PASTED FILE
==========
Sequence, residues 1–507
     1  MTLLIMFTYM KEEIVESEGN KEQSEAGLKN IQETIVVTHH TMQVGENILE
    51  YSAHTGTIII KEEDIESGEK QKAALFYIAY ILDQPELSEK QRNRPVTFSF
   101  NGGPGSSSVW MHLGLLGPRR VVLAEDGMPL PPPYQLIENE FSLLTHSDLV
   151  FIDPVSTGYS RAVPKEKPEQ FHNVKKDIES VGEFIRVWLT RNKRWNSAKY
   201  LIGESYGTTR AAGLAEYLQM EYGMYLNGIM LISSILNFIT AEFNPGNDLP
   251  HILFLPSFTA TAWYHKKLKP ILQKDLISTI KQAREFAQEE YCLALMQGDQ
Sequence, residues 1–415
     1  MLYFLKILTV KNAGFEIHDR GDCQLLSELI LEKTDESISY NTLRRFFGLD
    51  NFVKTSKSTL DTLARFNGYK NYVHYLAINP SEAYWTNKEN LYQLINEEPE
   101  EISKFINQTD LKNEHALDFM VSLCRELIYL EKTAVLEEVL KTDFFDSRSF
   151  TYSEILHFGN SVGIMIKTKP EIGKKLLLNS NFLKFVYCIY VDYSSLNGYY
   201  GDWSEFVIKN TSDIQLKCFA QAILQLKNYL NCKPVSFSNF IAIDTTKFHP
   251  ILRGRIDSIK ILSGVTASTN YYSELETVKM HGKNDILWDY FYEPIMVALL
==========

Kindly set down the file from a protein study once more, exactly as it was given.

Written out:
Sequence, residues 1–507
     1  MTLLIMFTYM KEEIVESEGN KEQSEAGLKN IQETIVVTHH TMQVGENILE
    51  YSAHTGTIII KEEDIESGEK QKAALFYIAY ILDQPELSEK QRNRPVTFSF
   101  NGGPGSSSVW MHLGLLGPRR VVLAEDGMPL PPPYQLIENE FSLLTHSDLV
   151  FIDPVSTGYS RAVPKEKPEQ FHNVKKDIES VGEFIRVWLT RNKRWNSAKY
   201  LIGESYGTTR AAGLAEYLQM EYGMYLNGIM LISSILNFIT AEFNPGNDLP
   251  HILFLPSFTA TAWYHKKLKP ILQKDLISTI KQAREFAQEE YCLALMQGDQ
Sequence, residues 1–415
     1  MLYFLKILTV KNAGFEIHDR GDCQLLSELI LEKTDESISY NTLRRFFGLD
    51  NFVKTSKSTL DTLARFNGYK NYVHYLAINP SEAYWTNKEN LYQLINEEPE
   101  EISKFINQTD LKNEHALDFM VSLCRELIYL EKTAVLEEVL KTDFFDSRSF
   151  TYSEILHFGN SVGIMIKTKP EIGKKLLLNS NFLKFVYCIY VDYSSLNGYY
   201  GDWSEFVIKN TSDIQLKCFA QAILQLKNYL NCKPVSFSNF IAIDTTKFHP
   251  ILRGRIDSIK ILSGVTASTN YYSELETVKM HGKNDILWDY FYEPIMVALL